The fatty acids in coconut oil go directly to from the liver to the digestive tract for quick energy or are turned into ketones, which also have beneficial effects that we will discuss later.

5. Slows Fine Lines

Coconut is not just for your cooking – it's a wonderfully hydrating treat for skin too. It keeps the skin's connective tissues strong, which prevents sagging and wrinkles. Apply coconut oil directly to your skin to soften the appearance of fine lines or use it daily on your face and body for a healthy glow. Be sure you use virgin coconut oil with no additives.

6. It’s Great for Skin

Coconut oil is also very moisturizing and beneficial for the skin. In many cultures, it’s used as a remedy for a great many skin conditions. The reason? It’s chemical structure. The short-chain and saturated fatty acids, which prevent it from oxidizing and becoming rancid, are nourishing to the skin and have even been found to encourage wound healing.

7. Kills Pathogens

Lauric acid makes up about 50 percent of the fatty acids in coconut oil. When digested, coconut oil forms a substance called monolaurin. Both monolaurin and lauric acid are known to kill pathogens in the human body such as fungi, viruses, and bacteria. This means that consuming coconut oil regularly can help you to stay healthier and free from yeast infections, viral infections (such as colds or flu viruses), and free from other types of bacteria!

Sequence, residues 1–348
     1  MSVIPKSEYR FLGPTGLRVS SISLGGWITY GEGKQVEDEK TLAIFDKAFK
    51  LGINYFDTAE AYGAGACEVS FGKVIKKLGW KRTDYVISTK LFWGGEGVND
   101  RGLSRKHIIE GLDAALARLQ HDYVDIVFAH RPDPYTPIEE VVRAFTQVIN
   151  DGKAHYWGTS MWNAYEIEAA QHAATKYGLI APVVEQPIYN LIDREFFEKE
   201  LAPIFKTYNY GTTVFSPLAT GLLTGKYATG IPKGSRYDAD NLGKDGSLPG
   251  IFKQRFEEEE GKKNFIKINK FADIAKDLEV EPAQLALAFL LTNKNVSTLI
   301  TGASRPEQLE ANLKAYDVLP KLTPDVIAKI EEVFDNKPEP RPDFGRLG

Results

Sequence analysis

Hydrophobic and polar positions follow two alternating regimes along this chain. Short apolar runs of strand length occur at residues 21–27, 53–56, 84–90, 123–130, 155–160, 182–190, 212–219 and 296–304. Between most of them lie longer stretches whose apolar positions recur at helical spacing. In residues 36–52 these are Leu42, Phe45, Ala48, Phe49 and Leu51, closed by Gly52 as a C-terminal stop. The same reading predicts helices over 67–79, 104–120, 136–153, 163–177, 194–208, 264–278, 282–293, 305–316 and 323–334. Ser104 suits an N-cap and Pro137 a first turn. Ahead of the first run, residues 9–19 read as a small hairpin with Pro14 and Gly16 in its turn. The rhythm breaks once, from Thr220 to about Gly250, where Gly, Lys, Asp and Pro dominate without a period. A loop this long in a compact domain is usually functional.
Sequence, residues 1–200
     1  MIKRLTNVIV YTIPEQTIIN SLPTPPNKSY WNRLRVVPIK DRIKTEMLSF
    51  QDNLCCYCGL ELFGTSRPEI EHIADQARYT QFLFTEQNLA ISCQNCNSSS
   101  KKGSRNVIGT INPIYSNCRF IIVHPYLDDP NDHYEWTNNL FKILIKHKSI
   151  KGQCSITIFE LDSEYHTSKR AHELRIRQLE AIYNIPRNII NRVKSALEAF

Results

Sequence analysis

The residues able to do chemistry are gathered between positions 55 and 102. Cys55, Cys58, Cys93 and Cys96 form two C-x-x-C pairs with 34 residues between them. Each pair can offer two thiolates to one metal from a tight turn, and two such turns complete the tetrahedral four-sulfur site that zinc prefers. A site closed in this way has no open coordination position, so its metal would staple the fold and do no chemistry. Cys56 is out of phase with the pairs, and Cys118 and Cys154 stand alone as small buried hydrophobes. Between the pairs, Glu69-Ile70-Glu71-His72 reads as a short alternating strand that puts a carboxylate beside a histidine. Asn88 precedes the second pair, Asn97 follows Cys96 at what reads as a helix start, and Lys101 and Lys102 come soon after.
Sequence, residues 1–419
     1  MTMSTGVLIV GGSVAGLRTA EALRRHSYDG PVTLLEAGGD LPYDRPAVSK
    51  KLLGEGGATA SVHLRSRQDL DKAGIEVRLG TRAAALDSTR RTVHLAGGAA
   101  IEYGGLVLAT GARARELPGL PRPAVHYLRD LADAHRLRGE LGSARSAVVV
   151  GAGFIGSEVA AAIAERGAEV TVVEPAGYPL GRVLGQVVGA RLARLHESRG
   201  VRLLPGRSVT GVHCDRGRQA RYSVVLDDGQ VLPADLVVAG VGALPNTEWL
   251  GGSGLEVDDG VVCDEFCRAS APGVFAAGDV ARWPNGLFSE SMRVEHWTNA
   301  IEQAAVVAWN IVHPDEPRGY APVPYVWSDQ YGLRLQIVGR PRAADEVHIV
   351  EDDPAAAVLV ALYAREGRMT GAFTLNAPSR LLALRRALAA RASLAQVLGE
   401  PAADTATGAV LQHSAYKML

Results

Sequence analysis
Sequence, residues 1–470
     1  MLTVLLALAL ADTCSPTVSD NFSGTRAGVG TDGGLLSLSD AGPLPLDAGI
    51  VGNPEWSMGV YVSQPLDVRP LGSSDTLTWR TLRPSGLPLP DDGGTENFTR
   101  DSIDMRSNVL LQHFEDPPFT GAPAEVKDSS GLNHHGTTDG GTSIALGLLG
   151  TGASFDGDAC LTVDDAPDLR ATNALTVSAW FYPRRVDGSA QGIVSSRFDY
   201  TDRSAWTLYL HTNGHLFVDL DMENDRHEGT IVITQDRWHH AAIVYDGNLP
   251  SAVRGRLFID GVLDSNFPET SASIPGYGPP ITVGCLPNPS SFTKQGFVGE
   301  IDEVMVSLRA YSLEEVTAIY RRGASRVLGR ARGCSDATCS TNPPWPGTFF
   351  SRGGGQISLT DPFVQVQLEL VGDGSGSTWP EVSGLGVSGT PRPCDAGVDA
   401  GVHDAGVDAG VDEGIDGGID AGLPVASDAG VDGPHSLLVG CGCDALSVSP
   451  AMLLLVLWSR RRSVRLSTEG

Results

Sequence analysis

8. Supports Immunity

Coconut oil is made up of healthy fats lauric acid, caprylic acid and capric acid which contain anti-fungal, antibacterial, antiviral prosperities to boost the immune system. Lauric acid contains the highest concentration of MCFA fatty acids, approximately 75 per cent. The body turns this fat into monolaurin which is claimed to help heal viruses such as herpes, influenza, cytomegalovirus, Helicobacter pylori, and candida.


Coconut oil has a lot of benefits that we are yet to discover. It has good effects on the body and many uses too. In this post, I shared with you everything you ever wanted to know about coconut oil.

Jenna Crawford